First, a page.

Jute-made products are turning heads at the Dhaka International Trade Fair (DITF). Pavilions showcasing them are attracting people, from the young to the old, with their colourful designs and diversity.
The array of products includes bags, purses, folders, tablemats, prayer mats, doormats, rugs, and room dividers, among others.
The huge, albeit unanticipated, number of visitors at the jute goods stalls is widening smiles on the faces of the vendors who say they expect buoyant sales this year.
Local brands have filled their stores with as many products with different designs and colours as possible to grab the windfall.
Md Ashequr Rahman Rumel, coordinator of Karupannya, a local company, says they are making between 300 and 400 products from jute and many of them can be bought at the fair.
Customers, mostly the young, appear to be more interested in jute-made products, says Abdur Rahim, a sales executive of at Cotton Tex stall.
‘The jute rush’
Jute Diversification Promotion Centre (JDPC), under the Ministry of Textiles and Jute, has installed a mega pavilion. Istiaque Ahmed, JPDC centre-in-charge, says most of the 25 stalls are showcasing jute goods from around the country.
Kazi Kamrul Karim, manager (marketing) of Bangladesh Jute Mills Corporation (BJMC), told UNB: “We’re trying to spread environment-friendly products at home and abroad. These products are attracting a large number of buyers.”
Two particular products – ‘Sonali Bag’ and ‘Jute-Tin’ – are standing out of the crowd in the fair. Karim says the government is planning to launch ‘Sonali Bag’, a biopolymer made from jute, in the local market this year as a suitable alternative to polythene bags.
The jute goods are exuding great response from the visitors.
Khadiza Rahman, who came from Keraniganj, is one of those impressed by the products and their quality. “I’m surprised to see such beautiful products made from jute,” she says. “If all of us shun plastic goods and use environment-friendly products, then we can save our environment. We should buy more jute made goods.”
‘Revival of the golden fiber’
The data provided by Export Promotion Bureau (EPB) shows that Bangladesh exported jute and jute products worth $421 million in the first half (July-Dec) of the 2018-19 financial year.
Jute, the country’s third largest forex earner, is estimated to involve around 10 million people. The country produces around 1.45 million tonnes of raw jute annually.
New products from jute and a global campaign against plastic have rekindled the hope of a comeback for the ‘golden fiber’. People are optimistic that jute will solve the plastic problem -- at least to some extent.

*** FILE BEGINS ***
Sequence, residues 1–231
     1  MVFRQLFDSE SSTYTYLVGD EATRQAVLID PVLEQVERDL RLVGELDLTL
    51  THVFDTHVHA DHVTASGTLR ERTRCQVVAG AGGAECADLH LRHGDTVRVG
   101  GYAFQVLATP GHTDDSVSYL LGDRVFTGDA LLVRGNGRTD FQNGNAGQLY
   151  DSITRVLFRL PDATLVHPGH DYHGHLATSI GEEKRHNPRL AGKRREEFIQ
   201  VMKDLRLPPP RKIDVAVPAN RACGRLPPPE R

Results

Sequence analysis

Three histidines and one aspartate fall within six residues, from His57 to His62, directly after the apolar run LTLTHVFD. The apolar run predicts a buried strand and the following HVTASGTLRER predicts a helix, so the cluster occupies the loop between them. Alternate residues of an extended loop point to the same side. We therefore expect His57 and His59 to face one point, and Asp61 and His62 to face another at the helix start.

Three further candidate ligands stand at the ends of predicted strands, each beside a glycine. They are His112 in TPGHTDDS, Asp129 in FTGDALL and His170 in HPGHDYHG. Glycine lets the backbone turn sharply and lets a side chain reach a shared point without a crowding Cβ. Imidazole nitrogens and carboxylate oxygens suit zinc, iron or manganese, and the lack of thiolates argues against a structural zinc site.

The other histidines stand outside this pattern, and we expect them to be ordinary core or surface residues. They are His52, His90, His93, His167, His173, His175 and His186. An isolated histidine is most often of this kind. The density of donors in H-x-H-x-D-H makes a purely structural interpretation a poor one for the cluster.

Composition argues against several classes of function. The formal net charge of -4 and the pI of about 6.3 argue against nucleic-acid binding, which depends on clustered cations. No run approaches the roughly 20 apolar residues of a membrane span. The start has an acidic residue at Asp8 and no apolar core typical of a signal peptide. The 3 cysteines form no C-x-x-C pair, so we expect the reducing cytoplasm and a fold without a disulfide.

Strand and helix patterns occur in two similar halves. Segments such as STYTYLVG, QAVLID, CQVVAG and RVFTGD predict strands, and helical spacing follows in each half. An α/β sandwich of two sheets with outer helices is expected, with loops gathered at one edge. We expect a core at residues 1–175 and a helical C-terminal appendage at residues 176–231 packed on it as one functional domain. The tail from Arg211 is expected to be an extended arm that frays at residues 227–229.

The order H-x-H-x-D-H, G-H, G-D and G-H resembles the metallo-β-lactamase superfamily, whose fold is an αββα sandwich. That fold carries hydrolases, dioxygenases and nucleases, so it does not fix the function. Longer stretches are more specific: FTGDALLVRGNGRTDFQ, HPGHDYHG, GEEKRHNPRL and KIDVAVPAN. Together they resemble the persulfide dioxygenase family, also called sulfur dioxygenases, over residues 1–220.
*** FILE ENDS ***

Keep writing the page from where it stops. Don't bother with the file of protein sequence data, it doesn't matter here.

The period between 1972 and 1975 was the golden era of jute, says Dr Md Monjurul Alam, director general of Bangladesh Jute Research Institute.
“Jute was pushed to the sideline by polythene and plastic goods,” he says. “The government did not take initiatives to help the sector and instead shut down mills.”
It was not until after 1996 that the government took steps to diversify jute products and started opening new mills. Bangladesh enacted the Mandatory Jute Packaging Act 2010, enforced in January 2014, making the use of jute packaging compulsory for 19 types of products.
The government initiatives have encouraged entrepreneurs to come up with diversified jute products. Currently, Bangladesh is also exporting ‘Patpata Paio’ made from jute’s leaf (an alternative to tea) to Germany. It will be available in the local market very soon, BJMC’s Karim says.
“Campaign against plastic is continuing across the world. Bangladesh must take advantage of these eco-friendly consumer trends in the global market,” Monjurul says.
BJMC Scientific Advisor Dr Mubarak Ahmad Khan, who led the invention of ‘Sonali Bag’ and ‘Jute-Tin’, concurred. “It’s an opportunity for Bangladesh to grab global markets,” he says.
Mubarak lamented the lack of funding. “I can increase the production volume if I’ve adequate funding. We can earn a huge sum of foreign currency,” he says.
His ‘Sonali Bag’ is completely biodegradable and does not contain any plastic particles. On top of that, it is recyclable. The ‘Jute-Tin’, on the other hand, is extremely strong and can withstand hailstorms. “It’ll last for over 100 years,” he claims.
“The prices of the products will come down if the government subsidises them. This will encourage people to buy them instead of plastic goods,” the scientist says.
“A golden era of jute is knocking on the door of Bangladesh,” BJMC’s Kamrul says.
It just needs a little push, he adds.